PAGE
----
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I am trying to perform the pressure-induced DFT calculations in Quantum ESPRESSO. For this, I have calculated the lattice constant of the cubic structure by vc-relax calculation. Then I tried to reduce to lattice constant slightly (say 5%,10%) keeping the other parameters constant to see how reducing the lattice constants affects the band structure of the crystal.

Doubts:

As far as I understand, reducing the lattice constant will have the same effect as applying the external pressure on the crystal. Am I thinking it correctly in view of DFT calculations or there is already provided executables in Quantum ESPRESSO to perform pressure applied DFT calculations on a given system?

Also when I am trying to decrease the lattice constant of crystal from the actual lattice constant, its, structure gets distorted. Below I have attached two images of the same crystal with actual and 10% reduced lattice constant:

  1. Actual lattice constant: 5.7981 Angstrom

Mn2CoGa_actual

  1. 10% reduced lattice constant: 5.218 Angstrom

Mn2CoGa_distorted

The distorted structure can be easily seen in the second image with a reduced lattice constant.

Now I am wondering, how can I perform DFT calculations by applying external pressure? Since reducing the lattice constant corrupts the actual structure. Should I go any other way?
Please clarify my doubts.

The PWscf input files can be found here and in the code blocks below:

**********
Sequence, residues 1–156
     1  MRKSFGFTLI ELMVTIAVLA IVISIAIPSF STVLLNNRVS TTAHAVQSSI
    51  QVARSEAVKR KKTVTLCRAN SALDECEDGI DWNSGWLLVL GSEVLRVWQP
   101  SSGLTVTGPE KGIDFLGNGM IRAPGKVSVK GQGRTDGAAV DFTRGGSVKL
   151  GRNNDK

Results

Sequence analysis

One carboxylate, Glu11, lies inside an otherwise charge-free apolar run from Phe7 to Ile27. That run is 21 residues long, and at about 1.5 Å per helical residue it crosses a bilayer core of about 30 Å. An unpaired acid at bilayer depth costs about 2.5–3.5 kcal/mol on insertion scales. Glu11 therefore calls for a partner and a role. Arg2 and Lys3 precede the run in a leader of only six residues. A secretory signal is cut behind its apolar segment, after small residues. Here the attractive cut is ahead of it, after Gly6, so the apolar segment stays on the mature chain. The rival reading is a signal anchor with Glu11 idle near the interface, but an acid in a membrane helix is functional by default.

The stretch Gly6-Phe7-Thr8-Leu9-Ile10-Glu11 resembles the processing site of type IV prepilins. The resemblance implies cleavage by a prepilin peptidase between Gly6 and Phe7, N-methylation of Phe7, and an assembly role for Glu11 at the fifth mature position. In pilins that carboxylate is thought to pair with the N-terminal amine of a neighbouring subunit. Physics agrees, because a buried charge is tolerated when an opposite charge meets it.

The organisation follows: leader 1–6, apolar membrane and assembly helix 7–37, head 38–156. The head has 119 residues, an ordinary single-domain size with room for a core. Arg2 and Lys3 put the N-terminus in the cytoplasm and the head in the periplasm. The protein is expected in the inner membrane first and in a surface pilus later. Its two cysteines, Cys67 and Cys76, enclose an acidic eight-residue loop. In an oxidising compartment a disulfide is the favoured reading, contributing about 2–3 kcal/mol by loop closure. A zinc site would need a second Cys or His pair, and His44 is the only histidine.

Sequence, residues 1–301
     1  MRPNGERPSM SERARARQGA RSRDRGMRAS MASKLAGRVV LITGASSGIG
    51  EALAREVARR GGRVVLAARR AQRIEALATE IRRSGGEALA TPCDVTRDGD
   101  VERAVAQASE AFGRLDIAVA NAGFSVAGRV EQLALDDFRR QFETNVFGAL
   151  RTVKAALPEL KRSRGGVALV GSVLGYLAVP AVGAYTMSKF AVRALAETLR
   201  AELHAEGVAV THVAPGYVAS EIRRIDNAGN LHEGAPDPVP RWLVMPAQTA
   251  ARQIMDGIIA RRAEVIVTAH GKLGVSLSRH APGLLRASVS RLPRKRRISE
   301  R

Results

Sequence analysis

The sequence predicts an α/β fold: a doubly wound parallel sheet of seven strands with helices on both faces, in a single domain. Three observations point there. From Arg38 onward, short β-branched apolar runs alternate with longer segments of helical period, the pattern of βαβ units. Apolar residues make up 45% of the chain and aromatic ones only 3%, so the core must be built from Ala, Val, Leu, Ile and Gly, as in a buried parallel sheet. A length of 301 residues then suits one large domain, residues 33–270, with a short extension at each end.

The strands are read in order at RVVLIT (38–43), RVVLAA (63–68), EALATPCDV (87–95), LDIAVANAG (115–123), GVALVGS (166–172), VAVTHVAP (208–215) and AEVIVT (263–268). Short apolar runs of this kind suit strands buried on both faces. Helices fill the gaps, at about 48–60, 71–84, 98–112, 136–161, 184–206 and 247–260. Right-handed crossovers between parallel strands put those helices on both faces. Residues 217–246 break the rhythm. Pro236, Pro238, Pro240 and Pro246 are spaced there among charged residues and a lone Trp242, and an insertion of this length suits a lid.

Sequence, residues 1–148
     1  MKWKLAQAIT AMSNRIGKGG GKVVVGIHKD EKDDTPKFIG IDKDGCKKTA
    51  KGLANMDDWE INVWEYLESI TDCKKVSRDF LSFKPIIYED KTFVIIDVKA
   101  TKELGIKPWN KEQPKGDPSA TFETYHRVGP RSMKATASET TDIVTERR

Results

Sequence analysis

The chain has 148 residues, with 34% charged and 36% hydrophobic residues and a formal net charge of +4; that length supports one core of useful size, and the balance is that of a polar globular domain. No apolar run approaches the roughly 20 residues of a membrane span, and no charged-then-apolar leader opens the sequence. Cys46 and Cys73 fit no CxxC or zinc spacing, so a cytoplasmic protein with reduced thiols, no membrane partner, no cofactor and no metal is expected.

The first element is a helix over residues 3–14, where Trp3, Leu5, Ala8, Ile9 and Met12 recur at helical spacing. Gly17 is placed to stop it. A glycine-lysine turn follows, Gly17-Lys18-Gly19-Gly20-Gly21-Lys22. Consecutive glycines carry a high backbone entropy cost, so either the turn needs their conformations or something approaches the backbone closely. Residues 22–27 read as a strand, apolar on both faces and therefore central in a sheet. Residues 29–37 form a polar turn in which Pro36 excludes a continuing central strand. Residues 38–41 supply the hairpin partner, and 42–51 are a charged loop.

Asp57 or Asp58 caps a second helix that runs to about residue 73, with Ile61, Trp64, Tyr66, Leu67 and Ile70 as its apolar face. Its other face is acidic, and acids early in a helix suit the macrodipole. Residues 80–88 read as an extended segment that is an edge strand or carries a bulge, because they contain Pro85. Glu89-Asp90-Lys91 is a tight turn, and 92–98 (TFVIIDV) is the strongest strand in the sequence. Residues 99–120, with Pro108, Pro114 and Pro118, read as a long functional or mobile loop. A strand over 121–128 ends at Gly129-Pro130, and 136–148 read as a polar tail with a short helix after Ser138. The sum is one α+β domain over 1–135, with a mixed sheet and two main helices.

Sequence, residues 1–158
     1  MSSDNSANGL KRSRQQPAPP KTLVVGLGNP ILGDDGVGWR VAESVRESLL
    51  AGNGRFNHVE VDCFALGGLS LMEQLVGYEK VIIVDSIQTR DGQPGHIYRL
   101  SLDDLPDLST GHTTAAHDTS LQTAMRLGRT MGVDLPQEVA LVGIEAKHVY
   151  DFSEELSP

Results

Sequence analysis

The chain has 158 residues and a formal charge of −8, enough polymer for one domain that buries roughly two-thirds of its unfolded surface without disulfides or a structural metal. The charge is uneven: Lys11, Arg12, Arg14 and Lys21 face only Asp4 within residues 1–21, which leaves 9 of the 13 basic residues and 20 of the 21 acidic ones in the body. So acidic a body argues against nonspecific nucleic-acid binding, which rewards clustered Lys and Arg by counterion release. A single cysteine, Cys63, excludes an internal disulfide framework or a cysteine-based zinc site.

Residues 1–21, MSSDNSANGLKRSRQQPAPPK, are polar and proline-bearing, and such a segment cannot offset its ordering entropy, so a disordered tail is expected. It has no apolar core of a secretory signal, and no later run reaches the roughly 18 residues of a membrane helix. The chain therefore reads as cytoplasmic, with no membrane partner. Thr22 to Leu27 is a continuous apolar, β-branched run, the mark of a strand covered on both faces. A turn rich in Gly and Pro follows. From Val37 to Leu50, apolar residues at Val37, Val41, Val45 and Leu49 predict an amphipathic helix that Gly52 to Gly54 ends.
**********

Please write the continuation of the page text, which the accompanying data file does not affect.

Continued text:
10% reduced lattice:

&CONTROL
                       title = 'Mn2CoGa' ,
                 calculation = 'scf' ,
                      outdir = '.' ,
                  pseudo_dir = '.' ,
                    
                      prefix = 'Mn2CoGa' ,
               etot_conv_thr = 1.0D-6 ,
               forc_conv_thr = 1.0D-6 ,
                     tstress = .true. ,
                     tprnfor = .true. ,
 /
 &SYSTEM
                       ibrav = 2,
                   celldm(1) = 9.861191964,
                         nat = 4,
                        ntyp = 3,
                     ecutwfc = 200 ,
                     ecutrho = 2000 ,
                 occupations = 'smearing' ,
                     degauss = 0.01 ,
                    smearing = 'marzari-vanderbilt' ,
                       nspin = 2 ,
   starting_magnetization(1) = -0.167,
   starting_magnetization(2) = -0.083,
   starting_magnetization(3) =  0.005,
 /
 &ELECTRONS
 /
 &IONS
 /
 &CELL
 /
ATOMIC_SPECIES
   Mn   54.93804  mn_pbe_v1.5.uspp.F.UPF 
   Co   58.93319  Co_pbe_v1.2.uspp.F.UPF 
   Ga   69.72300  Ga.pbe-dn-kjpaw_psl.1.0.0.UPF 
ATOMIC_POSITIONS alat 
   Co      0.500000000    0.500000000    0.500000000    
   Mn      0.250000000    0.250000000    0.250000000    
   Ga      0.750000000    0.750000000    0.750000000    
   Mn      0.000000000    0.000000000    0.000000000     
K_POINTS automatic 
 12 12 12 0 0 0 
 

5% reduced lattice:

&CONTROL
                       title = 'Mn2CoGa' ,
                 calculation = 'scf' ,
                      outdir = '.' ,
                  pseudo_dir = '.' ,
                    
                      prefix = 'Mn2CoGa' ,
               etot_conv_thr = 1.0D-6 ,
               forc_conv_thr = 1.0D-6 ,
                     tstress = .true. ,
                     tprnfor = .true. ,
 /
 &SYSTEM
                       ibrav = 2,
                   celldm(1) = 10.40903596,
                         nat = 4,
                        ntyp = 3,
                     ecutwfc = 300 ,
                     ecutrho = 3000 ,
                 occupations = 'smearing' ,
                     degauss = 0.01 ,
                    smearing = 'marzari-vanderbilt' ,
                       nspin = 2 ,
   starting_magnetization(1) = -0.167,
   starting_magnetization(2) = -0.083,